This can be achieved by analyzing the joint probability of customers buying multiple products together. Why should we do this analysis? To aid in achieving cross-selling and upselling as well as strategic pricing decisions. So, by understanding which products are frequently bought together, retailers can design targeted strategies. For example, if data shows a high joint probability of customers buying shampoo and conditioner together, placing these items near each other can increase sales. In another example, if two products are often purchased together, a discount on one might drive sales of the other, even if the second item is not discounted.

Let’s start with something simple and then we’ll build the concepts along the way:

`import numpy as npimport pandas as pddata = np.array([ [1, 1], [0, 1], [1, 0], [1, 1], [0, 0], [1, 0], [0, 1], [1, 1], [1, 1], [0, 1], [1, 0], [1, 1], [0, 0], [1, 0], [0, 1], [1, 1], [1, 1], [0, 1],])df = pd.DataFrame(data, columns=['Product A', 'Product B'])# P(A=0, B=0), P(A=0, B=1), P(A=1, B=0), P(A=1, B=1)joint_probabilities = df.groupby(['Product A', 'Product B']) .size().div(len(df)).unstack(fill_value=0)df_joint_pmf = pd.DataFrame({ "Product B (Yes)": [joint_probabilities[1][1],  joint_probabilities[1][0],  joint_probabilities[1][1] + joint_probabilities[1][0]], "Product B (No)": [joint_probabilities[0][1],  joint_probabilities[0][0],  joint_probabilities[0][1] + joint_probabilities[0][0]], "Total": [joint_probabilities[1][1] + joint_probabilities[1][0],  joint_probabilities[0][1] + joint_probabilities[0][0], 1]}, index=["Product A (Yes)", "Product A (No)", "Total"])`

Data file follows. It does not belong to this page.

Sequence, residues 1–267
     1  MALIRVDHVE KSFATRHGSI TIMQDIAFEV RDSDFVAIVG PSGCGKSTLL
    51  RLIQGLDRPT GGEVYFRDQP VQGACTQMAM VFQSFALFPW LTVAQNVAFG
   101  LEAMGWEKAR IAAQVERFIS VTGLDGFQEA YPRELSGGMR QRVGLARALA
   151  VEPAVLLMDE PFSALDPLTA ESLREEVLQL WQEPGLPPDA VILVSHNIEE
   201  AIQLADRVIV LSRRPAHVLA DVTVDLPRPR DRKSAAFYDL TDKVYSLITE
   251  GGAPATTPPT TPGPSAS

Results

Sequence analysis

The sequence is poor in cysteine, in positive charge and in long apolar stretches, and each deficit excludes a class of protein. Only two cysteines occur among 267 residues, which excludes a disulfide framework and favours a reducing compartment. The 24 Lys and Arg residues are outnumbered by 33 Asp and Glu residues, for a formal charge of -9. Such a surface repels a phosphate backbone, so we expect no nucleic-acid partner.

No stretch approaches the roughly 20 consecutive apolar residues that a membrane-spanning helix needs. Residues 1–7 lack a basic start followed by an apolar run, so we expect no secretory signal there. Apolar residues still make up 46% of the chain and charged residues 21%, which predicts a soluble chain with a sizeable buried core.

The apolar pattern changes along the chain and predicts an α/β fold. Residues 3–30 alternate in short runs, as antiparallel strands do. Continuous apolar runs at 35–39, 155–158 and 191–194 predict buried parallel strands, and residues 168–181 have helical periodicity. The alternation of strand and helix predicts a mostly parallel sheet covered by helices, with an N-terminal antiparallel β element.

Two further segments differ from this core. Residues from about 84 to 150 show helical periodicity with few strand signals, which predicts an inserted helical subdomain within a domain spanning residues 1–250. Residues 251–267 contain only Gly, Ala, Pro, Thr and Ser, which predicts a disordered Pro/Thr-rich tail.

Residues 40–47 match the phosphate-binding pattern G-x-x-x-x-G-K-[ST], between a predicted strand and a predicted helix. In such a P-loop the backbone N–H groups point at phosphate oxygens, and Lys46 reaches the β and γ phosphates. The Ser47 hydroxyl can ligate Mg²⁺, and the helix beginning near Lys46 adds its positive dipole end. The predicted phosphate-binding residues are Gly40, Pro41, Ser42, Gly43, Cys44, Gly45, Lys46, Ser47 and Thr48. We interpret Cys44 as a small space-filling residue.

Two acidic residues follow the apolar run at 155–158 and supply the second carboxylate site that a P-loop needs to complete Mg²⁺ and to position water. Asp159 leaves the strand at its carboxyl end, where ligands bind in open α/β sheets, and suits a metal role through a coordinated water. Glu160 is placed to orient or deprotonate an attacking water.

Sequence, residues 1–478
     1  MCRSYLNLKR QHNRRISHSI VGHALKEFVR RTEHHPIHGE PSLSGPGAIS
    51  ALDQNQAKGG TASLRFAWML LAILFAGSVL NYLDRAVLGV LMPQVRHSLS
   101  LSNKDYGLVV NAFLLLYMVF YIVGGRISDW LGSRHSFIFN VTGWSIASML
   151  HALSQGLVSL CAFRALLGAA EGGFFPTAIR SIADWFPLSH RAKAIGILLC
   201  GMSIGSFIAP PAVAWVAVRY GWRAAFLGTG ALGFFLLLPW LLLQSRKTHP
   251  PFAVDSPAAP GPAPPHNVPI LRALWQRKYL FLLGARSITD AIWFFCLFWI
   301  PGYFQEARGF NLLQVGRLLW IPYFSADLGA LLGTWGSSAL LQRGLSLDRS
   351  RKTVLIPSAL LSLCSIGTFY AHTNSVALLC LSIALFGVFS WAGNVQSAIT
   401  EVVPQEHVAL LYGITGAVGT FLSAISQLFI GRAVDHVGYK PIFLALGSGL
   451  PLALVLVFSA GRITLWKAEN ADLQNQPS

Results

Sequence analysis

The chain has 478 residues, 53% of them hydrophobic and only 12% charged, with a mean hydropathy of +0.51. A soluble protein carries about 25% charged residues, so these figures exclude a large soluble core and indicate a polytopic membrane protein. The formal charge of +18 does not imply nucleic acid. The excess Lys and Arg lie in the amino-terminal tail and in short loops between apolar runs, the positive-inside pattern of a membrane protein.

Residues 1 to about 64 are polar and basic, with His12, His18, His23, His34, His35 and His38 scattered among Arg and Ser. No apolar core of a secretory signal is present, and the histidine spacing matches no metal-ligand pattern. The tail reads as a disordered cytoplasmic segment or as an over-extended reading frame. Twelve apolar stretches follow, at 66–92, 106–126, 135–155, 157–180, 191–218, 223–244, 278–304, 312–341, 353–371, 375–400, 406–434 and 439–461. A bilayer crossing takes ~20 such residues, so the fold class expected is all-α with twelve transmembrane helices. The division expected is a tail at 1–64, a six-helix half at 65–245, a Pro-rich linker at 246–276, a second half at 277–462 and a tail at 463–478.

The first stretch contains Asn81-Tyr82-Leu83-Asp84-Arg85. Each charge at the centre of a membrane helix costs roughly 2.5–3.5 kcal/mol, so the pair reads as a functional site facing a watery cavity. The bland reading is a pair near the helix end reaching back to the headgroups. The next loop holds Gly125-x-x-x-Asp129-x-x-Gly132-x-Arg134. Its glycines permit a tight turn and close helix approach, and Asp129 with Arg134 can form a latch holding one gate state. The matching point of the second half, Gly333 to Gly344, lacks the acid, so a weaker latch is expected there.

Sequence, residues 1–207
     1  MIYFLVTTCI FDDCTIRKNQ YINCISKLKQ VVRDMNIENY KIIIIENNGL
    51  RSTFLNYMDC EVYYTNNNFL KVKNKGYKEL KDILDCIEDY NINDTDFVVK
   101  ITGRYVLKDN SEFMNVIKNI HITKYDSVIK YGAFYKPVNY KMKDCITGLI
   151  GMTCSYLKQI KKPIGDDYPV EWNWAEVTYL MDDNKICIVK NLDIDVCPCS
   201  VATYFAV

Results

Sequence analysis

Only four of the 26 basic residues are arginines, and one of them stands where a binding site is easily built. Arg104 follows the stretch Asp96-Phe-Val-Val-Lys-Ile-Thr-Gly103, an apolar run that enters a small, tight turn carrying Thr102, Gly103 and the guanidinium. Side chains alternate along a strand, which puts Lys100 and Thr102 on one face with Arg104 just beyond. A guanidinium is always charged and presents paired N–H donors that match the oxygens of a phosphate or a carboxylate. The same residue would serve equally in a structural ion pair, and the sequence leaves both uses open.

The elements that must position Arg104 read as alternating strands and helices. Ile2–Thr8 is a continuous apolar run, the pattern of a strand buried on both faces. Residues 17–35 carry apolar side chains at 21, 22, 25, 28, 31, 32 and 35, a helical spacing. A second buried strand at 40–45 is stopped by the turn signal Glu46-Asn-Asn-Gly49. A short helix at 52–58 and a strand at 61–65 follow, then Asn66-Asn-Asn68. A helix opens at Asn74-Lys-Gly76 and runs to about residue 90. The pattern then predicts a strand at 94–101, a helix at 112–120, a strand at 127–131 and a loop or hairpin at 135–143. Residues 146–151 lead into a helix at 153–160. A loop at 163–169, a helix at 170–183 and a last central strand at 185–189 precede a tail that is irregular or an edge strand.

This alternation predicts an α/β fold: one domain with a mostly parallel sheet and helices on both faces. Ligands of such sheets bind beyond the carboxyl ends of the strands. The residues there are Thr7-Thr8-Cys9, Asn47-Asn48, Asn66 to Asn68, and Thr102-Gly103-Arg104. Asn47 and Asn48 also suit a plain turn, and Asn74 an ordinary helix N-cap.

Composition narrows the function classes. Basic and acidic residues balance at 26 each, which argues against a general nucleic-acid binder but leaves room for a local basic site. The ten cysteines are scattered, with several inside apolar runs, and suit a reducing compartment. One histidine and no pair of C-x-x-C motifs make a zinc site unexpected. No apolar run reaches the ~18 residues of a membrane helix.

In this code snippet, we will generate synthetic data to mimic a real dataset where each row is a customer, and the columns represent two products. The first column is the first product, and the second column is the second product, where 1 indicates that a product is bought and 0 was not.

The joint probabilities are calculated for different combinations of purchasing behaviors for ‘Product A’ and ‘Product B’. This is done by grouping the data by the values of ‘Product A’ and ‘Product B’, counting the occurrences of each combination, and then dividing by the total number of observations to get the probabilities.

If any combination of product purchases is not present in the dataset (for example, if there are no customers who didn’t buy both products together), the unstack method with fill_value=0 ensures that the missing combination is present in the table with a probability of 0.

## Moving on to an example with a real dataset:

Here we will use a dataset from an online retail store to analyze the behavior of customers in purchasing different products.

## UCI Machine Learning Repository

### Discover datasets around the world!

archive.ics.uci.edu

These are the first 5 rows of the dataset. Each row is a log of a particular product ordered (not an order with one or more products)